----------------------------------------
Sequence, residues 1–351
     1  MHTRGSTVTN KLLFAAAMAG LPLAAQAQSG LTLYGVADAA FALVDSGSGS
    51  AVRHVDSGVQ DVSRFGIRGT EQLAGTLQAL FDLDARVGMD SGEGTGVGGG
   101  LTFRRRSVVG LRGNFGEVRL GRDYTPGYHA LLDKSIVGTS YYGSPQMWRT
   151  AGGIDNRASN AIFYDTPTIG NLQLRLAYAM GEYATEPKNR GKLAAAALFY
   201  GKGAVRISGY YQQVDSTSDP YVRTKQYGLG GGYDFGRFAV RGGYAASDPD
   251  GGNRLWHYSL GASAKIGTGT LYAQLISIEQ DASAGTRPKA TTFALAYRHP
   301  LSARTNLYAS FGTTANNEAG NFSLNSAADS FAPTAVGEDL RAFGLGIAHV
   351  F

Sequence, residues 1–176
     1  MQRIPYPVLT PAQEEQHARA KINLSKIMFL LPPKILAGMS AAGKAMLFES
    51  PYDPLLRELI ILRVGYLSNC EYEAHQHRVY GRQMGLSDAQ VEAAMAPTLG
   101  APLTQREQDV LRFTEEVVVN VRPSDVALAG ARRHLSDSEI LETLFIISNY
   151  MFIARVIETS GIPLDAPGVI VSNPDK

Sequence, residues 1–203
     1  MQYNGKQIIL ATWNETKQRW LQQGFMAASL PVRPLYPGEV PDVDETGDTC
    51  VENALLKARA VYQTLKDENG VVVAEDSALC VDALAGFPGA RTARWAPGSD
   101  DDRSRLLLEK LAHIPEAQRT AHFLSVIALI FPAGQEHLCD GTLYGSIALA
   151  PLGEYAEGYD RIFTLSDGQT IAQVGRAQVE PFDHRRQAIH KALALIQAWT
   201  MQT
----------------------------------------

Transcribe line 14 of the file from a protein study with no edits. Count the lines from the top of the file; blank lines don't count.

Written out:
   151  MFIARVIETS GIPLDAPGVI VSNPDK